Let's do it!​

Let’s do it!​

It is strange the way our memorie work. Just this past few weeks I have been thinking about the important role some people have played in my life. One of the first things I learned in the Army was “Never volunteer for anything.”  As I was exploring that recent idea my mind flashed back to early September 1951. I was on a troop ship headed for Korea. Somehow I learned that “Special Services” was looking for entertainers to perform onboard in some sort of show. I don’t know what obsessed me but I rushed to the reported location to volunteer as a drummer in the band. I was just about as qualified for that job as I was to take over as Captain of the ship but it turned out that I was the only volunteer to play drums and I got the job.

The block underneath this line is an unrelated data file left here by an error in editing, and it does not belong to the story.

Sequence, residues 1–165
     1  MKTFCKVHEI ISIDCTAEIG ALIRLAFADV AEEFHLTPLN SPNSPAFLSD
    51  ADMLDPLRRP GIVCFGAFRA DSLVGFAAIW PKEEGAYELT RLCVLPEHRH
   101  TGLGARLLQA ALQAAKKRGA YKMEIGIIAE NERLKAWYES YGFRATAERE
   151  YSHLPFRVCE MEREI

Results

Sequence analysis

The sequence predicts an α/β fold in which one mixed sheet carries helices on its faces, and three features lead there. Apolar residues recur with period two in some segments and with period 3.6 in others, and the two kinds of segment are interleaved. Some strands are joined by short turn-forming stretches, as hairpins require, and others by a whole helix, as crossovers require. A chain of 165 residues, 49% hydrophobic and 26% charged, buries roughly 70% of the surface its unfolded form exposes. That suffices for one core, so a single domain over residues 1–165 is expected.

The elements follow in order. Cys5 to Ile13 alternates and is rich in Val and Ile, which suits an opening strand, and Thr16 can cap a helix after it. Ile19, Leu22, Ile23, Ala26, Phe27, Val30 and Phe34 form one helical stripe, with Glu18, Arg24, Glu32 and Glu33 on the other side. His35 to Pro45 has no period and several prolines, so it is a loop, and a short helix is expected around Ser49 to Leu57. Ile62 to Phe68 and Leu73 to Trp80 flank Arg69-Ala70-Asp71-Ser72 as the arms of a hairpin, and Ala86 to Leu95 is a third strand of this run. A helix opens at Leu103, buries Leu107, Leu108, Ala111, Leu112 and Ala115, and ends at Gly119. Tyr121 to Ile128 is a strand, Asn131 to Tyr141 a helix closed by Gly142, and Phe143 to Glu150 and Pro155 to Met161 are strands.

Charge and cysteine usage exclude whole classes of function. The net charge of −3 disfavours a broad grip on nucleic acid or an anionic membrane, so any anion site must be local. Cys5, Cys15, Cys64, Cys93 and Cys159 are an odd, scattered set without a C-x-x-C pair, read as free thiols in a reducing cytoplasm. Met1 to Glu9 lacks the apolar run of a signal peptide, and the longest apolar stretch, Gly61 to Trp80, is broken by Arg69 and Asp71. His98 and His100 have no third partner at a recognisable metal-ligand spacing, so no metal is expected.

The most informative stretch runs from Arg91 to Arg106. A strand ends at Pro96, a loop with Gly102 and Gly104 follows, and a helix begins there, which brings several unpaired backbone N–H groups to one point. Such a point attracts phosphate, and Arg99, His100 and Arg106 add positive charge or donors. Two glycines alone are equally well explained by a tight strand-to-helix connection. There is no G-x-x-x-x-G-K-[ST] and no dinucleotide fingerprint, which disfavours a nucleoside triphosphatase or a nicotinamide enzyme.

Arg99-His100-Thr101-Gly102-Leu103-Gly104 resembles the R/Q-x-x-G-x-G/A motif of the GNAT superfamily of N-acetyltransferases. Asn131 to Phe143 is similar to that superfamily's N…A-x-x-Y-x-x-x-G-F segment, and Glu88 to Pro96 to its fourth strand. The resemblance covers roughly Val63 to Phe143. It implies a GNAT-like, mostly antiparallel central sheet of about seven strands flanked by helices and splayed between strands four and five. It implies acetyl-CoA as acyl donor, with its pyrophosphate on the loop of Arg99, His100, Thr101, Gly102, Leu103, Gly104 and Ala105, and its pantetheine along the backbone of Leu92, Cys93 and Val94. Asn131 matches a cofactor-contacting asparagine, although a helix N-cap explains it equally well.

We had some great talent in our show. A hypnotist, a fire eater, a singer, and a wonderful black tap dancer. He was great. He had no special music so we worked with the piano man on some special stops in a song so he could really make something special out of his dance. I worked on drums with him and he was very patient with me and it turned into quite a number. I think we did five shows. I didn’t see him again until mid November. He had been assigned as a medic to Taegu General Hospital and I went into combat as a rifleman and had been wounded and evacuated to that hospital. I had a superficial wound to my butt and I felt sick and I could hardly walk and I was lying on my cot when he walked up to me and grabbed my hand and  said, “What’s happening man?” What a joy to see him again. He looked at my chart and said that I was scheduled to be released and sent to the front again the next morning. I explained my problem and he said, “I will have a doctor examine you.”  We went into the doctors office and he had me bend over and when he examined me he said, “Oh, my God, we missed that.” He had me lie face down on a litter and they carried me onto a waiting evacuation plane, I was flown to Kobe Japan and I had surgery. I was sick and they tell me I nearly died from some complications. When I recuperated I was sent to Hokkaido, Japan where our outfit had been reassigned.  I figure that guy saved my life.  So you might say I volunteered for something, had a great time on that ship with that show and later that tap dancer saved my life.  Now that is a pretty good reason for you and me to volunteer for something again, right?  Let’s do it!

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